OverDrive, an eBook distributor, announced they will produce a browser-based eBook reader later this year. I look forward to checking this technology out, as it should, in theory (if it is truly browser-based and doesn’t rely on Flash or other technologies), allow Kindle Fire owners to read ePub-formatted books without downloading and installing applications that take up valuable storage space.
Sony seems to think that they can recover their eBook market share through the PS3 platform. Perhaps they are right—I can see a market for comic books and interactive story books for children. And perhaps, as the apparently-Photoshopped image in the article indicates, it would be appropriate for their mobile devices. As a parent I would be more inclined to encourage my son to read eBooks if I didn’t have to buy a separate eReader device for him, and it just worked on his portable gaming platform.
This article explains well the issues being dealt with in the case brought against Apple and and multiple publishing companies by the US Department of Justice, which accuses them of price-fixing and collusion.
This is just a short AppNewser.com article with links to pages and sites that authors may find useful.
This American Libraries magazine article discusses the privacy issues that have been raised by Amazon’s collection of library patron information and their unsolicited marketing of books to borrowers.
This article discusses Houston Public Library’s policy of lending eBooks for only 14 days, as compared to 6 weeks for print books. I was less interested in the geo-centric Houston news than I was to learn that a public library lends books for 6 weeks! Wow! At the time this article was published, 235 patrons were waiting to check out one of the seven eBook copies of Fifty Shades of Grey and 74 were waiting to check out one of the sixteen copies of Grisham’s The Litigators.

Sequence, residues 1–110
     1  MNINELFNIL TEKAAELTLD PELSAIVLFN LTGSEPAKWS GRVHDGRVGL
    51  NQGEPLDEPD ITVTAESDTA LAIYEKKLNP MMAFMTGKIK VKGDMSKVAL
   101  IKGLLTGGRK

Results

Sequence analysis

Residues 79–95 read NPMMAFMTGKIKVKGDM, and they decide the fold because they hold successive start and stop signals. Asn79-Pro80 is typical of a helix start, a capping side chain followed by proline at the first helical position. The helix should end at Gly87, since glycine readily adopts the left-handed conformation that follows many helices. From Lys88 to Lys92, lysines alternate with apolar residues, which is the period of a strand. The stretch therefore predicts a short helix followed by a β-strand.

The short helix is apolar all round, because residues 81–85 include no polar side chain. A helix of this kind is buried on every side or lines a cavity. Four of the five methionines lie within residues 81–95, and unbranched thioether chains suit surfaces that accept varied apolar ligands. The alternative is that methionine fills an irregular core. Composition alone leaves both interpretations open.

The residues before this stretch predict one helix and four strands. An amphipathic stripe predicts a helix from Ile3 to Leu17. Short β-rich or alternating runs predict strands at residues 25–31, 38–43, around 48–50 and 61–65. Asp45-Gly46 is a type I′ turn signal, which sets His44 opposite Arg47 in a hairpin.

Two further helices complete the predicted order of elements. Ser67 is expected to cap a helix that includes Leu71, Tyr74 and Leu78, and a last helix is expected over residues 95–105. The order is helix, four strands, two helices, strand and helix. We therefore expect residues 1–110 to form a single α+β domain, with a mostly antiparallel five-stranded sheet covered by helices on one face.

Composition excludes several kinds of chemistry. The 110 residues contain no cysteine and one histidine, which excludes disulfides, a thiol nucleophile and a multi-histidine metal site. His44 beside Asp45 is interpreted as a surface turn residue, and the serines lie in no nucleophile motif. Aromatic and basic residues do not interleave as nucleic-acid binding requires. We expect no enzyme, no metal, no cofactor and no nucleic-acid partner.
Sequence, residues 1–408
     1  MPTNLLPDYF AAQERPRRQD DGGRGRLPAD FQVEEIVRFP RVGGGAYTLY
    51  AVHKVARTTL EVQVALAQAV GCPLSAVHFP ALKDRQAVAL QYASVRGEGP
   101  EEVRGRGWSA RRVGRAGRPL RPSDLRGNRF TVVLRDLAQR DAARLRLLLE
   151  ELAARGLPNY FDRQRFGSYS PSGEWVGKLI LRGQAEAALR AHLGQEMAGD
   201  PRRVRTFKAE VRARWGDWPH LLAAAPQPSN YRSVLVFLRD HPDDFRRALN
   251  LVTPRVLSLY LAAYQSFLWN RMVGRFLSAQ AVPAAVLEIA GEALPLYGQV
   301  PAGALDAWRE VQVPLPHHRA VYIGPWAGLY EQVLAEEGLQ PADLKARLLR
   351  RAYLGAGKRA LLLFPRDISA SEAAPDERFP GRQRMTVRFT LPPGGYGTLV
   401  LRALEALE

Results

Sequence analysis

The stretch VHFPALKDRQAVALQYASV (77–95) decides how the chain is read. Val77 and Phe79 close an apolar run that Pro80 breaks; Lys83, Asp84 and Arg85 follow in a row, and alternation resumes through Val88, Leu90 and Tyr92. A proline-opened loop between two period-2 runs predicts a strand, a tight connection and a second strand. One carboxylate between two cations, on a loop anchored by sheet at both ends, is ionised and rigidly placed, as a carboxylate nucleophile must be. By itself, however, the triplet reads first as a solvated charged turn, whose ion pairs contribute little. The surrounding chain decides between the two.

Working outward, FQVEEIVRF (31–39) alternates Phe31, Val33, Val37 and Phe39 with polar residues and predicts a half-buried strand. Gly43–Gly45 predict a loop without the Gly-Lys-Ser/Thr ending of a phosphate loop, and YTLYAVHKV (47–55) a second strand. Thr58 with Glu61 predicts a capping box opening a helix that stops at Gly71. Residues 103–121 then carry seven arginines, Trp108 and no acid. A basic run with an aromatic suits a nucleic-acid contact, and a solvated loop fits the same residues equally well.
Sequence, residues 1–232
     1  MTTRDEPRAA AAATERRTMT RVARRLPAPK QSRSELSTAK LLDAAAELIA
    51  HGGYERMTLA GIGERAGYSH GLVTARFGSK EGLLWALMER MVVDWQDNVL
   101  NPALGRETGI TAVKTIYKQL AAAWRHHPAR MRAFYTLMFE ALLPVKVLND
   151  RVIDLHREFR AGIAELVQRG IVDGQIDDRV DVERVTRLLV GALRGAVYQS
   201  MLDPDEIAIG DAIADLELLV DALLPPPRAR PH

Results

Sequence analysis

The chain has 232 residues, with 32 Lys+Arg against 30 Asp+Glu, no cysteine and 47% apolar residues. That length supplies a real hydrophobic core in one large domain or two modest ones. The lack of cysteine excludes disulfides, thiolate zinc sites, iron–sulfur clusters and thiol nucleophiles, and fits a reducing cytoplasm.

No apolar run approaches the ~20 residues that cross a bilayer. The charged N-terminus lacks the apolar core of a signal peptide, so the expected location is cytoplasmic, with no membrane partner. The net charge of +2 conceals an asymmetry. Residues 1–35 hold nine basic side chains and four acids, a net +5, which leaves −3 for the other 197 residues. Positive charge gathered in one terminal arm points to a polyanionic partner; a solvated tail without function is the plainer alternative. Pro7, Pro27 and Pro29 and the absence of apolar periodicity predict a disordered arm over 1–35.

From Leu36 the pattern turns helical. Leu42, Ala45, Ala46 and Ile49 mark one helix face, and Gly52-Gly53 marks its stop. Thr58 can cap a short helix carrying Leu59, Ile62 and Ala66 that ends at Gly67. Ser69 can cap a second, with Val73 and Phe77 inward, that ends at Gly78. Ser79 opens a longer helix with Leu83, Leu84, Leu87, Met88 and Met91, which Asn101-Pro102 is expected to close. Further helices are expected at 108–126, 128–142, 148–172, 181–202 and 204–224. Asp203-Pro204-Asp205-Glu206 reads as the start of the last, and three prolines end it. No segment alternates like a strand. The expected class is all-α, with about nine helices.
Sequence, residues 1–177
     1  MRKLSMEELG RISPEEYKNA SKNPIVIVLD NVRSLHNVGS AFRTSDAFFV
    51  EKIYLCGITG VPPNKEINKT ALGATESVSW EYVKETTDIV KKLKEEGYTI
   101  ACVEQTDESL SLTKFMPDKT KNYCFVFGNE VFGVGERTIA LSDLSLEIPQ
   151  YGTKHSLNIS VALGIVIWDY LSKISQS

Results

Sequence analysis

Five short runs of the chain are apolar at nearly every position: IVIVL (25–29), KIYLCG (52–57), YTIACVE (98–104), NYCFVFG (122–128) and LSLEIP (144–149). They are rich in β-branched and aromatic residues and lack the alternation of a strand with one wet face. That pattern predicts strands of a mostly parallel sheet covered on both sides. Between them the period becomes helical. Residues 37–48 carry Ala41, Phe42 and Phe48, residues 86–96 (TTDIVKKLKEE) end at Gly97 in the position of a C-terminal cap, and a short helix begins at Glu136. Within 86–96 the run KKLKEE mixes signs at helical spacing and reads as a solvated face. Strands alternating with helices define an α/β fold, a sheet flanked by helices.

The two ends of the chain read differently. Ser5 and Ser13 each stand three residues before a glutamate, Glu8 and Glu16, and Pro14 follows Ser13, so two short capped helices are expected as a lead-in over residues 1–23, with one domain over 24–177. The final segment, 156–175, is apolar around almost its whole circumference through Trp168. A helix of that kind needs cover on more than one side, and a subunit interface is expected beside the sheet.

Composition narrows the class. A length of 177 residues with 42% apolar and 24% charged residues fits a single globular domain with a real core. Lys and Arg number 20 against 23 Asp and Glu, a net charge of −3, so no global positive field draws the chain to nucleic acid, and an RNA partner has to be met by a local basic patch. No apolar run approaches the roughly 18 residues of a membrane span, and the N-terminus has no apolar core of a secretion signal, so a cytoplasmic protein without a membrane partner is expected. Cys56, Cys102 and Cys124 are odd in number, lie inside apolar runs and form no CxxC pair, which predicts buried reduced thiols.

This article discusses the growth of eBook sales among the older demographic, citing a poll which indicated that individuals over 55 were more likely to own an eReader than people aged 18-24. What really makes this article worth of mention is this winner-of-a-quote on the true benefit of eReaders: “Now, not only can you read filthy books without anyone noticing, you can read filthy books in an 18-point font.”
Independent Publishers Group and Amazon have come to terms after their three-month-long disagreement, and IPG-distributed books are now, once again, available via Kindle.
Apple, in their defense against the US Department of Justice’s price-fixing accusations, claims that the government is siding with the monopoly, and that they did nothing wrong by forcing the publishers’ hands. The article includes links to PDFs of the original DoJ complaint and Apple’s response.
This article discusses a poll of nearly two thousand British citizens regarding eBook use. It seems to be attempting to assert that the sole reason people buy and use eReader devices is to read books they otherwise wouldn’t read. I think, however, that this is a case of correlation not necessarily equaling causation. Just because someone buys a book they might be embarrassed to own, whether it is the latest release in the Twilight series or the latest erotic novel that is sweeping the globe, it certainly does not automatically follow that the individual purchased the book for that reason and that reason only!